For Mike, it was Spider-Man. Ed was partial to Daredevil. Me: the swashbuckling adventures of Conan the Barbarian. Month after month, issue after issue, a fair-sized chunk of our youth was spent passing around dog-eared, finger-stained comics.
In the years since, the gang has grown up. So too have our comics. Spider-Man and company are now big business, generating north of a billion dollars a year in print sales, as well as countless more in movie and TV form, plus toy deals and other promotions. These days, you can download the entire back catalogue of a comic book series to your tablet, follow numerous series on the small screen, or wait until summer for the next installment in an endless stream of superhero blockbusters.
Beyond the Hollywood hit machine, comics have graduated from the rec room to the lecture hall, from junior high lockers to graduate seminars, from low culture to high art. No longer are they solely concerned with jumpsuit-clad heroes. Graphic novels—an admittedly loose term used to describe what we might label “grown-up” comics with darker, more serious themes, bound like books to give them an air of literary gravitas—now take up a large amount of bookstore shelf space.
Beyond the Hollywood hit machine, comics have graduated from the rec room to the lecture hall, from junior high lockers to graduate seminars, from low culture to high art.
Walk the aisles and you’ll find a tale for every taste, from Orwellian political satire (V for Vendetta) to politics-tinged autobiography (Persepolis) to Holocaust memoir (Maus). These are weighty, well-thought-out stories masquerading as Sunday afternoon escape fiction—a genre whose unique devices and motifs lend themselves to a particular kind of adult-oriented expression.
Perhaps more importantly, it’s an art form that seems totally of this moment, more vital than traditional media. Surely this is no coincidence. Compared with painting, sculpture, literature, drama, or dance, the graphic novel is a fitting expression of the zeitgeist, an articulation of an age in which reality itself seems increasingly distorted by shifting perspectives and a culture populated by heroes and villains.
The best graphic novels are a free-flowing synergy of words and pictures you might call “cinemature”—an alluring mash-up of serious literature and art house film, with a dash of pop art, a pinch of pulp fiction, and a great glob of noir-like attitude thrown in for good measure. Radical shifts in genre and point of view are the entire point, with stylized close-ups and panoramas, dramatic silhouettes, and chiaroscuro lighting intended to encourage you to see things in a different way.
Little wonder that graphic novels have quickly become a favourite means of conveying under-represented, non-privileged viewpoints. More than ever, graphic novels are the vehicle of choice for people who wish to present an alternate version of past, present, and future—to give voice to the minority, the abused, the unrecognized, the maligned, and the forgotten.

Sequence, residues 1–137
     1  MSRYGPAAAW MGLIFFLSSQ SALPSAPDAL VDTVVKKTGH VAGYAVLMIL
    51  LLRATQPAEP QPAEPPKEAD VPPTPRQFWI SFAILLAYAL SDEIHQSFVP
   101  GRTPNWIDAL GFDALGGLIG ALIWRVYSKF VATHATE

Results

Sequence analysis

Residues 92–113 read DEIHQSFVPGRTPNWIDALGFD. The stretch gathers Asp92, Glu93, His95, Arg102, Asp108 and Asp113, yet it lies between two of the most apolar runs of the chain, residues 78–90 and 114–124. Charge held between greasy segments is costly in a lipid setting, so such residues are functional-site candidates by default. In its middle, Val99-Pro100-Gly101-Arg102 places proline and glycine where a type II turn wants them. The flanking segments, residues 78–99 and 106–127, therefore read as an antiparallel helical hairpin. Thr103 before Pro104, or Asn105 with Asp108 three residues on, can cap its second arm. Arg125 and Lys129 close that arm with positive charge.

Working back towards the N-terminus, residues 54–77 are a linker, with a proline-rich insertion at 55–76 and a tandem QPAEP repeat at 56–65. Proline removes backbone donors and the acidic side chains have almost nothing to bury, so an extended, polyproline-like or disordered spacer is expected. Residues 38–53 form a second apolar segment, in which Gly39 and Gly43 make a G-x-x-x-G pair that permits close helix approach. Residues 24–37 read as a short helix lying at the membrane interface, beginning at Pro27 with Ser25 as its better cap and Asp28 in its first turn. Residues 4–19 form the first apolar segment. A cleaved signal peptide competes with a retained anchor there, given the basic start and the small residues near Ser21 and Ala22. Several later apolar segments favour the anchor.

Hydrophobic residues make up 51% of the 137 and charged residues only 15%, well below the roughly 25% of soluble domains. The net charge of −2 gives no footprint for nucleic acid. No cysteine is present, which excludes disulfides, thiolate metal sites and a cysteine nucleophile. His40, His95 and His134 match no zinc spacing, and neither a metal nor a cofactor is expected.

Graphic novels have quickly become a favourite means of conveying under-represented, non-privileged viewpoints.
Canada too has seen its stories in the pages of several recent graphic novels. Case in point: We Stand on Guard, a rip-roaring, action-packed retelling of David and Goliath, one that articulates every Canadian’s not-so-secret anxiety about our neighbour to the south.
Or how about Secret Path, a tribute to 12-year-old Chanie Wenjack that was released last year to some fanfare, by late Tragically Hip frontman Gord Downie and artist Jeff Lemire. Along with its companion album, Secret Path is a haunting indictment of our collective apathy toward Indigenous people, an 88-page cry-from-the-forest that uses not a single word—a pitch-perfect stand-in for the experience of generations of voiceless and ignored actors in an ongoing national drama.
Meanwhile on the West Coast, The Dregs examines how homelessness, gentrification, indifference, and no small amount of opiates are slowly “consuming” the population of Vancouver’s Downtown Eastside. Sure, the cannibalistic central metaphor has been around at least since Jonathan Swift offered his “modest proposal” for dealing with the tired and poor masses. But the gritty illustrations and hard-boiled narration are perfectly suited to both setting and theme.
Of course, the idea that entertainment can be a kind of relief is not new. But graphic novels have given the effort new life and elevated its messages from the level of mere propaganda. Yes, politics is more digestible when portioned into geometric panels and speech bubbles. But there’s also something else here: an interplay between medium and message. Graphic novels are proof of how a story becomes more poignant when told (and shown) from a different perspective—they are a way of calling on the oppressed to get up, stand up, and tell not only the story that’s widely known, but the other half that’s never been told.
Cover image of Secret Path by Gord Downie and Jeff Lemire, published by Simon and Schuster Canada.
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